Implementing a diversity, equity, and inclusion (DEI) practice can be an emotional topic for employees with preconceived notions or those adverse to the change spurred by new company initiatives. It can also be difficult for middle managers to navigate because, while they are often not in the meetings with the DEI consultants or leaders, they are on the front lines of employee interaction. Fielding questions, concerns, and opinions can be challenging for those who are not trained to facilitate these conversations. And, middle managers are sometimes provided information in a trickle down manner rather than an intentional one.

Strategic and frequent communication on initiatives on the horizon and progress is vital to ensuring buy in with your broader employee population. Similarly, it’s important for middle managers to be empowered with a framework to have and facilitate positive discussions. Joseph Grenny, co-author of the book, “Crucial Conversations: Tools for Talking When Stakes Are High”, offered tips on how to share opinions at work without dissolving into hard feelings and loss of respect.

Frame your conversation as a chance to learn from each other, not to change each other’s minds. Simply being curious about another’s position is sufficient motivation to engage. That may sound like: “I know what I think about this issue, but I’m curious about why you feel so differently. Would you be open to sharing your position with me?”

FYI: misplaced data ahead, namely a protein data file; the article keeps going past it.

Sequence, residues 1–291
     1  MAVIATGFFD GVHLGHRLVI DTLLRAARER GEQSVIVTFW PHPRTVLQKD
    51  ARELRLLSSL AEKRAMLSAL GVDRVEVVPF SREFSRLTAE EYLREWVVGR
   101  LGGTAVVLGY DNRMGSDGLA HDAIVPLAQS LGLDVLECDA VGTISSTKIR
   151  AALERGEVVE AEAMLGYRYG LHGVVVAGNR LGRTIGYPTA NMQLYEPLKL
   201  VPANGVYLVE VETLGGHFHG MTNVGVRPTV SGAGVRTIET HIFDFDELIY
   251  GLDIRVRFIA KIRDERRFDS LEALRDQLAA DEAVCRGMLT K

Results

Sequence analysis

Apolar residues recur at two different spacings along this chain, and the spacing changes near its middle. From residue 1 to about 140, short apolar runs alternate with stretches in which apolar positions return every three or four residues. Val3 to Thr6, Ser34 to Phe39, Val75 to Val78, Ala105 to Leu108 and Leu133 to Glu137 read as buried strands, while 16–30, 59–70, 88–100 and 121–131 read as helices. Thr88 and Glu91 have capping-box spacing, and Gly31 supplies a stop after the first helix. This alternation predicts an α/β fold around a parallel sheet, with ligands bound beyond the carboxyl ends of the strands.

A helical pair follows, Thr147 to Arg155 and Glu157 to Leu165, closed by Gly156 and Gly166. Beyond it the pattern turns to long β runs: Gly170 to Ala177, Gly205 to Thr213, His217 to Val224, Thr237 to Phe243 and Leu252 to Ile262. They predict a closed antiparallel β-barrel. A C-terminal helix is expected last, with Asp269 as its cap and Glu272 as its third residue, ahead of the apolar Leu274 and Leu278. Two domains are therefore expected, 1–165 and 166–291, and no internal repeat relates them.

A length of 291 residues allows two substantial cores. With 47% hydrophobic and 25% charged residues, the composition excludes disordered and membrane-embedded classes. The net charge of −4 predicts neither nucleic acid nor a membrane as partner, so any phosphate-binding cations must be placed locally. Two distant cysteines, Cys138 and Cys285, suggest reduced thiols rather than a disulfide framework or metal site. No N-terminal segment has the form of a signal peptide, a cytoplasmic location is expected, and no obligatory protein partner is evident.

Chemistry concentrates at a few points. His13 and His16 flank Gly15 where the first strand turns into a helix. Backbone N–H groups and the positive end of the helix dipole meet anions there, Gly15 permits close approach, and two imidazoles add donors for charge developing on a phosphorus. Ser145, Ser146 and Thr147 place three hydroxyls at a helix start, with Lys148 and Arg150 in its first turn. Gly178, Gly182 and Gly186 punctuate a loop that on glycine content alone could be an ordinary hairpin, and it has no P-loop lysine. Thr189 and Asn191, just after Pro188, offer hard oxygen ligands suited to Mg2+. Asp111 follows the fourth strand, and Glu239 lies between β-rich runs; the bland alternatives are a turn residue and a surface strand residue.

Show respect. Others will not engage with you if they don’t feel respected by you. Over-communicate your respect for the other person and their opinion: “I value you and your perspective. I want to hear from you. I don’t assume I’m right.” “What have you experienced or learned that led you to feel that way?”

Most importantly, don’t forget the “pause button.” It’s important when employees are having emotion-forward conversations to step in and push pause if they are escalating or becoming disrespectful. In conversations where there can be differing views, taking a breath will also help managers be more mindful and intentional when they speak.

In interacting with employees around topics of diversity and inclusion, it will be helpful to relate your efforts around respect, empathy, and understanding to the DEI efforts that are underway in your organization. Remember that with organizational change, employees carefully watch the words and actions of leaders. Reiterate your core values and demonstrate leadership through empathy.

About the Author


Jackie Ferguson is a certified diversity executive and co-founder of The Diversity Movement, and head writer of the Diversity: Beyond the Checkbox online course library. Jackie is a Cary Magazine columnist and member of the National Diversity Council.

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